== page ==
Excerpt
The Dutch House

The first time Maeve and I ever parked on VanHoebeek Street (Van Who-bake, mispronounced as Van Ho-bik by everyone in Elkins Park) was the first time I'd come home from Choate for spring break. Spring was something of a misnomer that year since there was a foot of snow on the ground, an April Fool's Day joke to cap a bitter winter. True spring, I knew from my first half-semester at boarding school, was for the boys whose parents took them sailing in Bermuda.

"What are you doing?" I asked her when she stopped in front of the Buchsbaums' house, across the street from the Dutch House.

"I want to see something." Maeve leaned over and pushed in the cigarette lighter.

"Nothing to see here," I said to her. "Move along." I was in a crappy mood because of the weather and what I saw as the inequity between what I had and what I deserved, but still, I was glad to be back in Elkins Park, glad to be in my sister's car, the blue Oldsmobile wagon of our childhood that my ...

Please be aware that this discussion guide may contain spoilers!
  1. What are the many and varied details of the Dutch House—rooms, stairways, architectural specifics, furniture, windows and doors, etc.? What mood or personality does each space or element possess? What is the complex, overall effect? What might Danny mean when he says, "the house was the story" or that it was "impossible"?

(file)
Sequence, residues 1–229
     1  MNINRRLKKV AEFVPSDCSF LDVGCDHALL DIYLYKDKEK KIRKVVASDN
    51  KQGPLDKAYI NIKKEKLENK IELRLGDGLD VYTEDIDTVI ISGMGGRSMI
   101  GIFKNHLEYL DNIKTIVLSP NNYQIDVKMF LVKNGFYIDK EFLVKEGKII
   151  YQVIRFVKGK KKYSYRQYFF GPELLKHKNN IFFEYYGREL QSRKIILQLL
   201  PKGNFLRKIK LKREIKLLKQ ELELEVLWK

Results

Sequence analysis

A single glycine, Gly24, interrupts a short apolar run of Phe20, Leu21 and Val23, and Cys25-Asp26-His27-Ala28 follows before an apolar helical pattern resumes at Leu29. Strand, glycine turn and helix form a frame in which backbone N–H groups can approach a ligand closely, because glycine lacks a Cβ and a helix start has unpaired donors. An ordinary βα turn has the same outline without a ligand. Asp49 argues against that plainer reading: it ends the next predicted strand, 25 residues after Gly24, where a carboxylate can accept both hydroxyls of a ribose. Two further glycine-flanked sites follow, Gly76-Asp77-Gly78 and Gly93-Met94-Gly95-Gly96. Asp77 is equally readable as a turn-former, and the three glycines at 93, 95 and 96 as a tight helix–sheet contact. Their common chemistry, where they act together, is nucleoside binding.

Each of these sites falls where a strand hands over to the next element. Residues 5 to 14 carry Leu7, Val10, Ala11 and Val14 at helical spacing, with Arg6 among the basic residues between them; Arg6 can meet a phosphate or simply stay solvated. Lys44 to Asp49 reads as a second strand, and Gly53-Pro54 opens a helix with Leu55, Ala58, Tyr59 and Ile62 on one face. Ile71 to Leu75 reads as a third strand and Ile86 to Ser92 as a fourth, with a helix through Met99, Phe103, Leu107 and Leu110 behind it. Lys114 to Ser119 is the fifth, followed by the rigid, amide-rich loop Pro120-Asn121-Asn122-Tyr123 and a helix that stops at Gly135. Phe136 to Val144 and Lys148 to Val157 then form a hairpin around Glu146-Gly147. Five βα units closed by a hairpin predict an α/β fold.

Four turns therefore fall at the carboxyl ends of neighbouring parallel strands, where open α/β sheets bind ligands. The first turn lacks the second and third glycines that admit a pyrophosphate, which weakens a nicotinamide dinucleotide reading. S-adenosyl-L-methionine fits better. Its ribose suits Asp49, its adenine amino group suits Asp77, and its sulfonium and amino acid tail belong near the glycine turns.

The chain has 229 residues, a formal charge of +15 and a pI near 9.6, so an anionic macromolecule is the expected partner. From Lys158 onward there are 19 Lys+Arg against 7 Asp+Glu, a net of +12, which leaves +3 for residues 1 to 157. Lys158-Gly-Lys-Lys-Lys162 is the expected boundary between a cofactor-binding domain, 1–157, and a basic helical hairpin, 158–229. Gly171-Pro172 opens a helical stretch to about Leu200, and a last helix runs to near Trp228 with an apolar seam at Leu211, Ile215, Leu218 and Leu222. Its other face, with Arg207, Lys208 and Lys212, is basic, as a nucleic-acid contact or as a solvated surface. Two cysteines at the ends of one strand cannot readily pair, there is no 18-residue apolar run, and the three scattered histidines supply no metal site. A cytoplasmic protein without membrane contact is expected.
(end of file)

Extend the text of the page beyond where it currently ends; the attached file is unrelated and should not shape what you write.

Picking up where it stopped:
2. What is the nature of the relationship between Maeve and Danny? What explains the longevity and power of their support and love for one another?
  3. What is Cyril Conroy like? How might specific behaviors, routines, and decisions of his have influenced Maeve and Danny? Why was he "always more comfortable with his tenants than he was the people in his office or...in his house"? What was it about buildings that he ...
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Reviews

BookBrowse Review

BookBrowse

The varying descriptions of the house, inside and outside, before and after the siblings' exile, are atmospheric. It looms over everything that goes on, and it's easy to see why Danny and Maeve have remained so deeply affected by it. This is also the kind of novel you might put down many times after a certain line or two, thinking back to your own experiences and wondering how she could possibly know a piece of your life or your family so well...continued

Full Review Members Only (832 words).

(Reviewed by Rory L. Aronsky).

Media Reviews

New York Times